grades. I made the Dean's List my second semester."
      In less than three years, Perry earned his degree in
business and economics, which he later put to use in a real
estate career. "I took classes straight through both summers,"
Perry says. "Most of the veterans took a heavy load, worked hard.
We were in a hurry to get out and get on with life."
     Robert F. Siemen, Delaware '43, '55M, '64M   
     "Coach Murray called to ask if I'd come work for him, and I
said yes," recalls Bob Siemen about his first job after World War
II. After a tour in the Pacific with the 11th Airborne Division,
Siemen came to Newark in July 1946.
     He'd accepted the invitation to work as assistant manager of
athletics, with responsibility for coaching basketball, tennis
and baseball.
     "Our teams were made up mostly of veterans," he says. "They
were exempt from the University's physical education requirement,
but they played on the varsity and junior varsity teams. They
were very responsible and knowledgeable. It was a no-nonsense
thing to coach someone who had spent the last three or four
years, say, jumping out of planes." Siemen says he remembers well
the 1946 football team. "The veterans on that team, and others,
were mature. It was as if they had aged eight or 10 years in the
three or four years they had been away from school."
     It was easy to distinguish veterans from the other students,
according to Siemen. "Lots of the veterans wore parts of their
uniforms, because other clothing was not always available,"
Siemen says. "And the 'Ike' jackets looked better than anything
you could buy."
     Siemen and his wife, Florence, Delaware '61, felt fortunate
to find a place to live when they moved into federal housing,
which had been built for workers in local defense plants. Siemen
studied under the G.I. Bill, obtaining a master's degree in
economics while working in the athletics department. "I think I
probably would have gotten my degree regardless of the G.I.
Bill," he says, "but people didn't really debate whether to go to
school or not. The entitlement wasn't going to last forever, so
it behooved you to get going if you wanted to go to school."
     Walter Kittle, Delaware '49 
     Verdell Short, Delaware '48     
     Charles Griffith  Jr., Delaware '49
     Walter Kittle, Delaware '49, came to the University of
Delaware by way of a promise made in a foxhole in Belgium.
"Verdell Short and Charlie Griffith and I, and one other man who
didn't live, said, 'If we get back home, we'll go to school
together.'" Kittle, a native of Kansas City, came with Short and
Griffith to the University of Delaware, where they had been
students before the war. Having served together in the 104th
Infantry Division in Belgium, Germany and France, the group had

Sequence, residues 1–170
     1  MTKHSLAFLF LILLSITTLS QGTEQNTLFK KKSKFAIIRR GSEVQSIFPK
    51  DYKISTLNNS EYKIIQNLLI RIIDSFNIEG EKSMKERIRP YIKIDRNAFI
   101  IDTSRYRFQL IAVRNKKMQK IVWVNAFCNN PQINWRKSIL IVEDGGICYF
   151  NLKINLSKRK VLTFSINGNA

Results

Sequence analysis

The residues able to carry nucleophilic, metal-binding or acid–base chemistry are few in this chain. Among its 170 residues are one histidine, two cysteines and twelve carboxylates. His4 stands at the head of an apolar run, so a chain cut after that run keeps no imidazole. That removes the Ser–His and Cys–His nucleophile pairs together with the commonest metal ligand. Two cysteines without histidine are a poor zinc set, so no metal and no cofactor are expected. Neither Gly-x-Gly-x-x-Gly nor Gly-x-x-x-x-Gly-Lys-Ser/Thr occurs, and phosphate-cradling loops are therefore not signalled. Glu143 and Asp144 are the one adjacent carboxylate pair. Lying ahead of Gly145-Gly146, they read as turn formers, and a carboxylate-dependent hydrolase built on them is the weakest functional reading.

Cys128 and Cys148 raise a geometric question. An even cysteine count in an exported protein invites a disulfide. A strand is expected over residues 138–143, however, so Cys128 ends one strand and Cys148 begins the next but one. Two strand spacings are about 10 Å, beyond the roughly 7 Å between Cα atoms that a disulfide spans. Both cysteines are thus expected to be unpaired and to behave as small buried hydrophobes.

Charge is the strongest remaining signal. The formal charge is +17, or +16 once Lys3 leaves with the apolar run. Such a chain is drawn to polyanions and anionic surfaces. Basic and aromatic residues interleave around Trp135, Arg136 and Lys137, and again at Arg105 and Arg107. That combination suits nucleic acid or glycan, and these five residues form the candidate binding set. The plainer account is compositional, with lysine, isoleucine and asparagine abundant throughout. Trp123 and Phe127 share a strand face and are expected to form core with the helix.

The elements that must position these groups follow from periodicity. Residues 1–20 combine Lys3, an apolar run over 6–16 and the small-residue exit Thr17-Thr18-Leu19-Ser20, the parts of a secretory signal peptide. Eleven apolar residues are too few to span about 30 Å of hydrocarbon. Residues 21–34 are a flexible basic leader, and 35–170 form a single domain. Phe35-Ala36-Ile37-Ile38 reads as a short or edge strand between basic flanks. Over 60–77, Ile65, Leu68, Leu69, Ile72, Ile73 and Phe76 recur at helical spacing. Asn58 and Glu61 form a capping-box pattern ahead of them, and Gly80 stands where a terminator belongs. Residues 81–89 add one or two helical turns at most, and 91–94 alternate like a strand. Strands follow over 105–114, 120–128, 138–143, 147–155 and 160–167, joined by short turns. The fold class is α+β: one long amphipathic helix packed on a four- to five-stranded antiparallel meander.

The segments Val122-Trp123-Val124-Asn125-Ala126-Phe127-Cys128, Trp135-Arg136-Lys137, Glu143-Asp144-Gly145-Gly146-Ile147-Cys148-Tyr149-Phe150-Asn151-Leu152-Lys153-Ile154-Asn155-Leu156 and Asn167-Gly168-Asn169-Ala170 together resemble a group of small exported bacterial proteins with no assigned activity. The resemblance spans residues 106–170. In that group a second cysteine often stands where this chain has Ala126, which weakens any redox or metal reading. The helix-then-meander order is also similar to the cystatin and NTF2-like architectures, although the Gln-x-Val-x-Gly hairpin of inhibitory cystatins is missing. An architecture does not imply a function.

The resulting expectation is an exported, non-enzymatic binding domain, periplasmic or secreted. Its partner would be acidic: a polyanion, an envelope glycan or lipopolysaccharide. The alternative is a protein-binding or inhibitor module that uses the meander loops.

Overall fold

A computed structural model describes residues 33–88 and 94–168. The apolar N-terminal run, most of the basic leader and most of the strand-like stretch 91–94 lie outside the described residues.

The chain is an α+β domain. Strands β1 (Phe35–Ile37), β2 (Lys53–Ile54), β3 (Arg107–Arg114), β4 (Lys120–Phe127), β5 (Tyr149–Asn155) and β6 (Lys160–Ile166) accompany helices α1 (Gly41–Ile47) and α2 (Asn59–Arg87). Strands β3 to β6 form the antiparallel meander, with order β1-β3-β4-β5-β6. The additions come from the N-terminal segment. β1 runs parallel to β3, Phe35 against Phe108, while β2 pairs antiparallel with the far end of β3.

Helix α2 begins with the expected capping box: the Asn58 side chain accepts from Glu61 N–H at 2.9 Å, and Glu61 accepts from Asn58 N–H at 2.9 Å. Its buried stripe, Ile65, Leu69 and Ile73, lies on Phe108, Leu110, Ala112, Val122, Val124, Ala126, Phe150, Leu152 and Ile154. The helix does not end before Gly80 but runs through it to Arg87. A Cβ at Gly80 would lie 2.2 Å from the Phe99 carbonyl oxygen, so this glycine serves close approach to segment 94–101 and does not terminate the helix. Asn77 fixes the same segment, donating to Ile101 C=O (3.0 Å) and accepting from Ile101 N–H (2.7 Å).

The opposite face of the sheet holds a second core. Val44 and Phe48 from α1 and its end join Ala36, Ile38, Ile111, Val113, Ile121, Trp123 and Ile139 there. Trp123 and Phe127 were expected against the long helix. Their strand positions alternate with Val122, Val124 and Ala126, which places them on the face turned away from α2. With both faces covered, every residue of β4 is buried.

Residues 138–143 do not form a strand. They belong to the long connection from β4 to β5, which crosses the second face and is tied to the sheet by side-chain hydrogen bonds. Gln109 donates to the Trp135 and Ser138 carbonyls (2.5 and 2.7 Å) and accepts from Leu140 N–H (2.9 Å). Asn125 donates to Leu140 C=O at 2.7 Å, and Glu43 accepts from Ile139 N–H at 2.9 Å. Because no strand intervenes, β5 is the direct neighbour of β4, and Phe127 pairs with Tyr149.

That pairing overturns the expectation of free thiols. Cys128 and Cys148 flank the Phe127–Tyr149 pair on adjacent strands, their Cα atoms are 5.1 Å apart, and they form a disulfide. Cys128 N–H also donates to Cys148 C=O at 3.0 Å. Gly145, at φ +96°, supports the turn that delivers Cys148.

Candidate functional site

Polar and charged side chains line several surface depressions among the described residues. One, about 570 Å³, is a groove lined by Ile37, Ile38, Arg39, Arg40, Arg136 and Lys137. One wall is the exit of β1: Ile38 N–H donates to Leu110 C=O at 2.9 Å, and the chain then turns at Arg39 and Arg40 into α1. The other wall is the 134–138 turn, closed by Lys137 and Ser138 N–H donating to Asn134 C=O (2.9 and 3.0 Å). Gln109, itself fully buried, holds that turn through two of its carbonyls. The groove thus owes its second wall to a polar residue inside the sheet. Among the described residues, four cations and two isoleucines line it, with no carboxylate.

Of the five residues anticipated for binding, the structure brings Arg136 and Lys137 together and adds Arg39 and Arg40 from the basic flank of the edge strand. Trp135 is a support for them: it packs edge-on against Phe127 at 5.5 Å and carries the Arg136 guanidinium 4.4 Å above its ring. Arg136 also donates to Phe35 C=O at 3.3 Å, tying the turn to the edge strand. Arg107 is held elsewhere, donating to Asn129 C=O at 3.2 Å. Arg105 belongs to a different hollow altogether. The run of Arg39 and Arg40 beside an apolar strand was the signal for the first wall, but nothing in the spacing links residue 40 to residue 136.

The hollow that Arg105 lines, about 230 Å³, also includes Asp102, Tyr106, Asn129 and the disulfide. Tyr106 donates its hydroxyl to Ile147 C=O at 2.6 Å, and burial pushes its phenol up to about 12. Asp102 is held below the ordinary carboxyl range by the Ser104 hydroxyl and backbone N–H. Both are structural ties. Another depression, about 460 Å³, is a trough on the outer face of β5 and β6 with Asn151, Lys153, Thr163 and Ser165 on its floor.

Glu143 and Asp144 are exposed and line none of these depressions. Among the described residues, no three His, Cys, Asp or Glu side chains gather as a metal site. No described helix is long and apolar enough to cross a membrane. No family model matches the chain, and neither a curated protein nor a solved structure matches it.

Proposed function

four Purple Hearts, two Silver Stars and a Bronze Star.
     The fact that Kittle, Short and Griffith played sports
helped them obtain housing. "The three of us were all on teams,
so we lived in the Training House," says Short, who played
basketball. "And, we all had a hell of a good time." Short
studied business and went on to build a career in industry and
real estate. Griffith, an education major who played football and
baseball, recalls a sense of relief on returning to campus after
the war. "I was glad to get back," he says. "It was great to be
back at Delaware." Griffith dedicated his career to teaching
history in Delaware secondary schools.
     "I never would have gone to college without the G.I. Bill,"
says Kittle, who graduated in mechanical engineering and spent
his career with Cities Service Co. Kittle's two sons and a
daughter-in-law also graduated from the University of Delaware.
     Samuel Macrum, Delaware '52     
     "I came to the University of Delaware because my commanding
officer was a Delaware graduate and recommended it to me," Sam
Macrum recalls. "And, I knew I could live with my grandmother in
Wilmington. That was very important, because there weren't many
places to live on campus."
     Macrum, a native of Connelsville, Pa., entered the
University as a mechanical engineering major in 1947, after
serving in Germany and France in the military railroad service.
     Macrum says it took him five years to graduate. "I wasn't
the best student, but I made it," he says. Then, Macrum went on
to a varied career in engineering, including research and
development, production and, eventually, launching his own
     How does Macrum remember the University on his return?
"Smallvery small. And, it was nice. I enjoyed every bit of it.
For veterans, going to school was a transition-a chance to blow
off some steam safely."
                                              -Mary B. Hopkins